While the white pretty kourabiedes are more of a fancy type of cookie, the melomakarono is a dark, decadent, succulent cookie, juicy and dripping honey all over the place. I love eating melomakarona. I actually feel good about it because they really represent what the Greek Mediterranean diet is all about: delicious food made with good-for-you ingredients.
Melomakarona are made with olive oil, honey, orange juice, and walnuts but also flour and sugar. So on the one hand, yes, these sweets have plenty of sugar, on the other hand the olive oil, the honey, the orange zest and the walnuts are all sources of antioxidants. Most importantly the fat from the melomakarono comes exclusively from olive oil. A multitude of studies have shown that olive oil protects from many chronic diseases due to the type of fat (monounsaturated) but also due to its antioxidant content.
Having said all this, I have to note that yes, melomakarona do have calories, more than the kourabie, but at least you can enjoy them knowing that you are doing a bit of good to your body. Be warned these cookies are rich, and they should be sweet, as with the kourabie, one is enough.
Classic Melomakarona Recipe
For the cookies
- 2 cups olive oil (you may want to substitute 1 cup of vegetable oil such as corn oil)
- 1 cup sugar
- ½ cup cognac or brandy
- ½ cup orange juice
- Orange zest from 1 orange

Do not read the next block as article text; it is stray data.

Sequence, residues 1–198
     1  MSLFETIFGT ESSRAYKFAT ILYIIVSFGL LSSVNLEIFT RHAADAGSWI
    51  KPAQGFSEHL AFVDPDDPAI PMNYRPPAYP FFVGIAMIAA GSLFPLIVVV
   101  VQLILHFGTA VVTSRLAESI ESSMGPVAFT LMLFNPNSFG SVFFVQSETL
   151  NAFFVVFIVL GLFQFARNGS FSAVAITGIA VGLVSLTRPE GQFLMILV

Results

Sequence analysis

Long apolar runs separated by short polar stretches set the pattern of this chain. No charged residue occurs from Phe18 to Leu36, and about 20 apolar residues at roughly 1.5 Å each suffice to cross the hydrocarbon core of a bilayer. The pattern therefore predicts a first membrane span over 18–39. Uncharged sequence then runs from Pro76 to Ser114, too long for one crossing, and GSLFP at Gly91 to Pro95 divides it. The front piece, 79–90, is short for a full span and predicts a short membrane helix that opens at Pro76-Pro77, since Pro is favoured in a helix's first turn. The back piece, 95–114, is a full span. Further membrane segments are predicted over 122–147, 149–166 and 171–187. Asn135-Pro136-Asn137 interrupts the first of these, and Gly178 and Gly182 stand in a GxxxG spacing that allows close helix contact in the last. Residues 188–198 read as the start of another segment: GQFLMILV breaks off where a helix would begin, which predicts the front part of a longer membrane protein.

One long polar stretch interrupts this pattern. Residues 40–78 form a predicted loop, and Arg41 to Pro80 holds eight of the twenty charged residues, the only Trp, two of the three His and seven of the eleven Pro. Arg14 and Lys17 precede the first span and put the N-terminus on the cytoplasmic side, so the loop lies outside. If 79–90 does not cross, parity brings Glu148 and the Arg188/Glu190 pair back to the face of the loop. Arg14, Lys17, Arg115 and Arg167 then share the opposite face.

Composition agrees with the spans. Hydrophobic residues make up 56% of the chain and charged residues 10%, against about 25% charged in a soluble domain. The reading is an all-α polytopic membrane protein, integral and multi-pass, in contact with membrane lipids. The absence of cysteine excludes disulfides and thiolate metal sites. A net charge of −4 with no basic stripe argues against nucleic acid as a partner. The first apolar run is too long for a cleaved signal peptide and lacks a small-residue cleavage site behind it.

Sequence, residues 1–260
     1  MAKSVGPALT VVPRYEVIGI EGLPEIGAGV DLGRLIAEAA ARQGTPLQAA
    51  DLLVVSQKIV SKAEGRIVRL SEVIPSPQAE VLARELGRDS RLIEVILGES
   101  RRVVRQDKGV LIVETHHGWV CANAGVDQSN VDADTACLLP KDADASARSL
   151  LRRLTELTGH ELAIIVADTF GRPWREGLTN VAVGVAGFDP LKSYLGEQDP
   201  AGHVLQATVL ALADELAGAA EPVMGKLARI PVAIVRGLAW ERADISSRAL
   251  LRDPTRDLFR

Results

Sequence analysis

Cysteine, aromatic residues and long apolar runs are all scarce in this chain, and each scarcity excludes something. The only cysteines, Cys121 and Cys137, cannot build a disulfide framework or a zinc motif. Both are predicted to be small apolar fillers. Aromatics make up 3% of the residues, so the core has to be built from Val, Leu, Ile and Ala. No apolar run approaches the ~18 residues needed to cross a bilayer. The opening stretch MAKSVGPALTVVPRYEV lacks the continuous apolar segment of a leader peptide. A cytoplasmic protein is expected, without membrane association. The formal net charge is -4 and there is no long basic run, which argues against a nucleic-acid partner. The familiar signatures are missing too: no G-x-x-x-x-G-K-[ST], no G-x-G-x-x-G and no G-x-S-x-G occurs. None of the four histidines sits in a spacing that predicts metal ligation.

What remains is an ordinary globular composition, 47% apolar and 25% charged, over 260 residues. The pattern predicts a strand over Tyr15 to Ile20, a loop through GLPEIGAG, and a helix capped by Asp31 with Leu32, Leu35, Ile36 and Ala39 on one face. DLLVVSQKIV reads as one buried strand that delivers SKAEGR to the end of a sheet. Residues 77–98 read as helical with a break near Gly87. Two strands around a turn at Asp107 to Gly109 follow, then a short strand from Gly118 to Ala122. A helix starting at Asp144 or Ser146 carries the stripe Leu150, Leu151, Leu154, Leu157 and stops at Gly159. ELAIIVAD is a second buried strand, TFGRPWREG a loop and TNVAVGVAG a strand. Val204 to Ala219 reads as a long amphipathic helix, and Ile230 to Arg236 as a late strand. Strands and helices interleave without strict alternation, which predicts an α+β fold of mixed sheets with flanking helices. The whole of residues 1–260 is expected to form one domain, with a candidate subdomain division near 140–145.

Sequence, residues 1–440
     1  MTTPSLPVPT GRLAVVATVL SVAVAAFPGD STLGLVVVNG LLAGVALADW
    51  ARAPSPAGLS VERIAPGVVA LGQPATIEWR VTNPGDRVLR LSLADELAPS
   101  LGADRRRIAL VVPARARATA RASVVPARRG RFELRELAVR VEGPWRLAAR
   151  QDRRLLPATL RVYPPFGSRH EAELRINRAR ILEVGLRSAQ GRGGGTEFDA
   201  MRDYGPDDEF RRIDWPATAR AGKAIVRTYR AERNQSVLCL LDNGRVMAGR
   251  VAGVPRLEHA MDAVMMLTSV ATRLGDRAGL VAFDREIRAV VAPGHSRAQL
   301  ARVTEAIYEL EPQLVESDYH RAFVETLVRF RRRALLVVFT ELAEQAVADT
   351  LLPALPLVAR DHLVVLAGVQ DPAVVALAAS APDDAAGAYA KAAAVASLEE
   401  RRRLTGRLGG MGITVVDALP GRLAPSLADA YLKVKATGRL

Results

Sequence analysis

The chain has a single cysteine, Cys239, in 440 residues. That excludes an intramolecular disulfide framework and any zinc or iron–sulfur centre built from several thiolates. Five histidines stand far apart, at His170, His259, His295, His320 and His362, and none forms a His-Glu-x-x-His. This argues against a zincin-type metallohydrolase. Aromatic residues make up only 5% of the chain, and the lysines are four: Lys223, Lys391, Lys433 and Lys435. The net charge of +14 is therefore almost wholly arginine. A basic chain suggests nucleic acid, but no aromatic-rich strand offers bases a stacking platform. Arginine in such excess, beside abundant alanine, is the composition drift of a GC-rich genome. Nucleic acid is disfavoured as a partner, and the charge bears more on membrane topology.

- 1 teaspoon cinnamon
- 7 ½ cups flour
- 2 teaspoons baking powder
- 1 teaspoon baking soda
For the syrup
- 2 cups honey
- 2 cups sugar
- 2 cups water
For the topping
- ½ cup finely chopped walnuts
- 1 teaspoon cinnamon
1. Preheat oven at 350 degrees F.
2. In a large bowl mix the olive oil, cognac or brandy, orange juice, sugar, 1 tsp cinnamon, and orange peel.
3. In another bowl sift flour and mix with the baking powder and baking soda. Add gradually to the olive oil mixture, while stirring with a wooden spoon. Once you have added all the flour, knead the dough and add some more flour if needed.
4. Roll the dough in little balls about the size of a walnut. Using your fingers press one side of the ball on a grater flattening like a small pancake and then fold over so that the cookie is in a oval shape, with the top having the design of the grater. This is done so that the honey will be better absorbed as opposed to just shaping the cookie in a solid oval shape.
5. Place the cookies on a cookie sheet lined with parchment paper. Bake for about 25 minutes. Bake the rest of the cookies.
6. Once all the cookies are baked, flip them so that the bottom part is facing up, let them cool down.
7. For the syrup bring to a boil the honey, syrup and water and let it boil for 5 minutes. Remove the foam.
8. Once the syrup is boiled, while it is hot, pour it over the cookies, making sure all cookies are covered with syrup. Let the cookies sit for at least 2 hours, than turn them over and let them sit some more. *
* Some people prefer to do the opposite: Make the syrup and let it cool off, than pour the syrup over hot cookies, instead of letting them cool down. Another way is to place the melomakarona in the pot with the syrup for a few minutes and removing them with a slotted spoon.
9. Mix the walnuts with cinnamon and sprinkle over the melomakarona.
10. Place the melomakarona on a large platter.
You can also substitute the orange juice and brandy with beer. Instead of using ½ cup brandy and ½ cup orange juice, use 1 cup beer.
Makes about 50 pieces.
1 Melomakarono (2 oz. each): Calories: 240, Carbohydrates: 37 grams, Protein: 2,5 grams, Fat: 9 grams, Saturated Fat: 1,2 grams.